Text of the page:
Tracie: And as you note–the conversation we’re having would not be possible without them. And yet, you assert they’re not falsiable. Are we having this conversation? Is it possible without them?

            Me: It’s not possible without them. Which means they are unfalsifiable. There is no imaginable, no definable, no describable way we could have this conversation without them being valid–that means they are unfalsifiable. (We can’t say, “If we were to see this specific set of observations, then the Logical Absolutes would be falsified.)

            Russell: Jacob is saying that it’s far more fundamental than that — the law of identity must be true as a precondition for observing anything at all. You’re responding by saying “So you admit that we do observe the law of identity.” That isn’t the point.

            Me in my Yoda voice: Listen to Russell you must.

            Russell: No one is denying that the law of identity is consistent with things you observe. Rather, the point is that the reasoning is backwards. The law of identity has to be intrinsic to our understanding of things, with or without observations that confirm it. It’s unfalsifiable in the sense that there is no conceivable set of observations in which we could demonstrate its opposite.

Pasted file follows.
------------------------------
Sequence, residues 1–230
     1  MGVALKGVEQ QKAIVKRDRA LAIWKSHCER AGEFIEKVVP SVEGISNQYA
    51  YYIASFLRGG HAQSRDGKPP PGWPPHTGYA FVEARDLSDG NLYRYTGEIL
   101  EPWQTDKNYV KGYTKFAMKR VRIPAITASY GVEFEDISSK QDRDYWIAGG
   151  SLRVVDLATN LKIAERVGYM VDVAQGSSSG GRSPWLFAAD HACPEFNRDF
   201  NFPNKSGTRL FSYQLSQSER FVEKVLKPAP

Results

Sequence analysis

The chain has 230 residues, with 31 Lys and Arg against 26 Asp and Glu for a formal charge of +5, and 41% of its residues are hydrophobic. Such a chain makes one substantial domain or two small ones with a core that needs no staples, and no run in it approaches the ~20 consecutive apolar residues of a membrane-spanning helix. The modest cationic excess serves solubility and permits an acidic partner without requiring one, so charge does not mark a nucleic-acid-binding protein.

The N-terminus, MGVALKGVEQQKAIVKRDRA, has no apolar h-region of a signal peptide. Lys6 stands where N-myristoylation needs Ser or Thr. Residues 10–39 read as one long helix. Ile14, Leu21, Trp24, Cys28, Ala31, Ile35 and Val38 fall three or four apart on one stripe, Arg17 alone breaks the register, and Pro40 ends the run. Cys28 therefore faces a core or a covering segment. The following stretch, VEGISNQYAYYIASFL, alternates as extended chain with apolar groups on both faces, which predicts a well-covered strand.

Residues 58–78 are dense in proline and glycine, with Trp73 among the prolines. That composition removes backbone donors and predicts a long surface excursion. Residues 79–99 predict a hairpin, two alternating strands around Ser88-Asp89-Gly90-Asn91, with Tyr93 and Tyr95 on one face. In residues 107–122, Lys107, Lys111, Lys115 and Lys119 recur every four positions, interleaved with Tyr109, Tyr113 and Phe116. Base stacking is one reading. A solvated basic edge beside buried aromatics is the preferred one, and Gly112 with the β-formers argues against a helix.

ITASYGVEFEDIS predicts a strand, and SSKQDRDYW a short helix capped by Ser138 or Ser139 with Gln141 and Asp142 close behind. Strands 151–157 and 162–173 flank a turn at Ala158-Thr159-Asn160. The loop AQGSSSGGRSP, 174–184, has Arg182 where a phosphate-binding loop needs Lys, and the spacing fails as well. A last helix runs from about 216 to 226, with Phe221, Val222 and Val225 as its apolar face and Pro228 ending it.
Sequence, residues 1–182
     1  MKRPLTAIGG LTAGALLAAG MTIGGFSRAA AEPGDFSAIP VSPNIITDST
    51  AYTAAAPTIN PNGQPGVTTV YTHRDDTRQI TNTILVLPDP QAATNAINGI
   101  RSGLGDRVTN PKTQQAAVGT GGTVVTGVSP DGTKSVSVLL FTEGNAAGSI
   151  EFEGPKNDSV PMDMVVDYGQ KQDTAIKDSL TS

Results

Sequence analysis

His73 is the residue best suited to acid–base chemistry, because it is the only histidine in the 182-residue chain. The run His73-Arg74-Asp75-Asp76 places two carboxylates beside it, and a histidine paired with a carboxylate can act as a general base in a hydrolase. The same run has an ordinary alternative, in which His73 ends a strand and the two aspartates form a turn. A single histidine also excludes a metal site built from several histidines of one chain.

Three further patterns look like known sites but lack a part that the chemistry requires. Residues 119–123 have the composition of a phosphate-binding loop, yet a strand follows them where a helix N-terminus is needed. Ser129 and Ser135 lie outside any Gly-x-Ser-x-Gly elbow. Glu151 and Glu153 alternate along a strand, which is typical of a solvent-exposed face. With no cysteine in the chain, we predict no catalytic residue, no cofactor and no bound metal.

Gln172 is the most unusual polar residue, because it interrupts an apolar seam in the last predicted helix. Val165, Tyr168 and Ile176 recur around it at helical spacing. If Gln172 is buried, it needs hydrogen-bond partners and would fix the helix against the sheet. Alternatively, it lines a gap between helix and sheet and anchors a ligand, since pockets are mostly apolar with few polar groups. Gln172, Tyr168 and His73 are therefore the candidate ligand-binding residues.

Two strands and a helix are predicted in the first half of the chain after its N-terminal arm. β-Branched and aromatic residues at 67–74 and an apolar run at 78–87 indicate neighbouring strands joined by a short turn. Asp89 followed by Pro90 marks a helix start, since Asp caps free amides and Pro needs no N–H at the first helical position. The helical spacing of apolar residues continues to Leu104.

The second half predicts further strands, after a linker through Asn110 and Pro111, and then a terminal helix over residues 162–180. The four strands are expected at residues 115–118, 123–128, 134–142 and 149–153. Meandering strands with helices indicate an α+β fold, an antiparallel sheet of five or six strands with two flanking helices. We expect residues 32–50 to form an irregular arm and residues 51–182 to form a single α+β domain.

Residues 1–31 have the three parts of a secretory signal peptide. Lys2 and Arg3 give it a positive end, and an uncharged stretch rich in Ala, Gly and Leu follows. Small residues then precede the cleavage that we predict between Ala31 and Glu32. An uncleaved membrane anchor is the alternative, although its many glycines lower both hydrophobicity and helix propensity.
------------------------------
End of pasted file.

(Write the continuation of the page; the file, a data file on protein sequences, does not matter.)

Me: Exactly.

            Russell: Hence, to say that “I know the law of identity is true because I observe it to be true” doesn’t mean anything.

            Me: Exactly, yes.

            Russell: We all agree that such basic principles hold in all cases — even the presuppositionalists know that. The problem is that presups try to play this word game about God being required to “create” the laws of logic in order for them to be there in the first place. This hypothetically implies that if God did not exist, there could be a possible state where A does not equal A.

            Me: Yes, yes, double yes.